The Australian government’s bid to deliver the nation’s first budget surplus since the global financial crisis is being undermined by lower-than-expected tax revenue, Australian Treasurer Wayne Swan said.
“Tax collections were running a further A$2 billion [US$2.1 billion] behind estimates at the end of February, indicating the full-year shortfall is likely to be much larger,” Swan said in an e-mailed statement yesterday.
“Lower revenue means we will have to work much harder to find extra savings in the budget,” he added.
Australian Prime Minister Julia Gillard, whose government is slumping in opinion polls and faces an election next year, has pledged to end four years of deficits in the fiscal year that begins on July 1.
Her strategy has been threatened by global pressures including China’s economic growth slowdown, Europe’s debt crisis and elevated unemployment in the US.
“The ongoing global instability has had a big impact on our economy and our budget bottom line,” Swan said. “Since the global financial crisis struck, we’ve been forced to write down government tax revenues by A$140 billion. There will be more writedowns in next month’s budget.”
Australia’s underlying cash balance for the year to Feb. 29 was a deficit of A$29.4 billion, compared with a forecast made in November last year of a A$27.5 billion gap.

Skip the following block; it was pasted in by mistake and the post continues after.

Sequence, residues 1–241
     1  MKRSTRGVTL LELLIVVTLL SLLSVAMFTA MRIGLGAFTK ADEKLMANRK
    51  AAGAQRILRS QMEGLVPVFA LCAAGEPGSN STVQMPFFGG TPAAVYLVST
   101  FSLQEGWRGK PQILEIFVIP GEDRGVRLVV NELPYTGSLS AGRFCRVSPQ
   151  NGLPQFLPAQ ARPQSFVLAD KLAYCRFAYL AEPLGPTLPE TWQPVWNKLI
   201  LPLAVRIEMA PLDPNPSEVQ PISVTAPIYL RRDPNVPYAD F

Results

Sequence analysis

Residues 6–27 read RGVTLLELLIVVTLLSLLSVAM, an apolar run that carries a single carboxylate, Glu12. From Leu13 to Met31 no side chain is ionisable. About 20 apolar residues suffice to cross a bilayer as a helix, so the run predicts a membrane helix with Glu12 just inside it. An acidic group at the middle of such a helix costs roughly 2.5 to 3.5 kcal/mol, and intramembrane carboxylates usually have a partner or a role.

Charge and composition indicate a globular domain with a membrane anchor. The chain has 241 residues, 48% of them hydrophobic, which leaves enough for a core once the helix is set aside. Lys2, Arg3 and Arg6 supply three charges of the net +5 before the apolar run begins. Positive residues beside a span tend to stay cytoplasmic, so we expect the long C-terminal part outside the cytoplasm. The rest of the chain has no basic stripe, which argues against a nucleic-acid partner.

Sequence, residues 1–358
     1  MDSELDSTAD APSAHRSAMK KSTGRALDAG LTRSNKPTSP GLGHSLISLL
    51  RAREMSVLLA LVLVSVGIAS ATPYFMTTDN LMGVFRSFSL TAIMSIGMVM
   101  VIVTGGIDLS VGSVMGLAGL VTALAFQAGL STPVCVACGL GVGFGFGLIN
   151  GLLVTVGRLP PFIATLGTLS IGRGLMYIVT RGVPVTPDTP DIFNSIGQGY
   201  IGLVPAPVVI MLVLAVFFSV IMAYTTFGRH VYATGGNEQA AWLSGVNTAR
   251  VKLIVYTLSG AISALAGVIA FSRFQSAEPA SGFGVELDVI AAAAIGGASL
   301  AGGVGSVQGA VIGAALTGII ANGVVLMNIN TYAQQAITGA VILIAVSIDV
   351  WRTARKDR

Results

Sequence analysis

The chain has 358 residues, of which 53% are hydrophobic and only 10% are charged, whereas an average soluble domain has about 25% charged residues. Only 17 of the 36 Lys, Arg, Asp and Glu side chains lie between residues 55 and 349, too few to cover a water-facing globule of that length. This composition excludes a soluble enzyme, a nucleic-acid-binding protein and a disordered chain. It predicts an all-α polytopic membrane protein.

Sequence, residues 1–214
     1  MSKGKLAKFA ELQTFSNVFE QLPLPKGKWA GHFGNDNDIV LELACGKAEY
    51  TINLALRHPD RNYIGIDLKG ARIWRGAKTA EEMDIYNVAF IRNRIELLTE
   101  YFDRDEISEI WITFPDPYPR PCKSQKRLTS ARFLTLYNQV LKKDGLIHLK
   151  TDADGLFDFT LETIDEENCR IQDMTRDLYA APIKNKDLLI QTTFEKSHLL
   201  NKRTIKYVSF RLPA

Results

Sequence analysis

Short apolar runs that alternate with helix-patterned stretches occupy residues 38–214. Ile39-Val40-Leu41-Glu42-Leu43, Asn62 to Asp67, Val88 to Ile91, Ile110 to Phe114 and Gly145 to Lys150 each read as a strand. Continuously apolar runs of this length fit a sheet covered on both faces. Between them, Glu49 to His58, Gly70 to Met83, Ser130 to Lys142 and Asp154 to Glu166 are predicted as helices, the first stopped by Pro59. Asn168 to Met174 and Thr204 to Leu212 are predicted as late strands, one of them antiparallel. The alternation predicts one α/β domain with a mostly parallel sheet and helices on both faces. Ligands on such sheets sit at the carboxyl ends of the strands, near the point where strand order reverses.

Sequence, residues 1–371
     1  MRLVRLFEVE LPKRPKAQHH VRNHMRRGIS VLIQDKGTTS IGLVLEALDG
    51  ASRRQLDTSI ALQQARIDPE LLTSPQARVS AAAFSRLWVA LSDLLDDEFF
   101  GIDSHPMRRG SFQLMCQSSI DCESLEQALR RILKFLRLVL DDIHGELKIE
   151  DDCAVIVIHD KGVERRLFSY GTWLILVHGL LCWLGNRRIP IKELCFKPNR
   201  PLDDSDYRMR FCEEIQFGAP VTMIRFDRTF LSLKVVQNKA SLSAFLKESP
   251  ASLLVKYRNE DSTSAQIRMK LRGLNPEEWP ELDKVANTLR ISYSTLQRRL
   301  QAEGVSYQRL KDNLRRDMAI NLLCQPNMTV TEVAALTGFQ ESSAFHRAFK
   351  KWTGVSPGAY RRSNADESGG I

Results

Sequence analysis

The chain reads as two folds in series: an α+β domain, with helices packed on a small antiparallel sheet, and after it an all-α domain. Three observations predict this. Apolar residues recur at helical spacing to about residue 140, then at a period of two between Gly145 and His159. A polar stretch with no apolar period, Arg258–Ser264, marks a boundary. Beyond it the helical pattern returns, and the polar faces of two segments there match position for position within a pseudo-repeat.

Governments across the region, including Japan, Indonesia and India, are grappling with slower tax revenue and trying to find ways to cut spending without exacerbating elevated unemployment.
Australia was the only major industrial economy to avoid a recession during the global downturn of 2009. Still, job growth stagnated last year and, until two interest-rate cuts late last year, the central bank maintained the highest benchmark borrowing cost in the developed world to temper inflation as a mining investment boom accelerated.
The Reserve Bank of Australia kept its benchmark interest rate unchanged at 4.25 percent this month after cutting borrowing costs in November and December to buttress the housing market, support jobs and boost confidence among consumers who are saving more.
Parliament is on hiatus until May 8 when the government will announce its budget.
“This will be a balanced budget — balanced in that it charts a responsible middle course and balanced in that it gets us back in the black well before our peers,” Swan said.
He’s previously said returning to surplus was “a vital economic imperative.”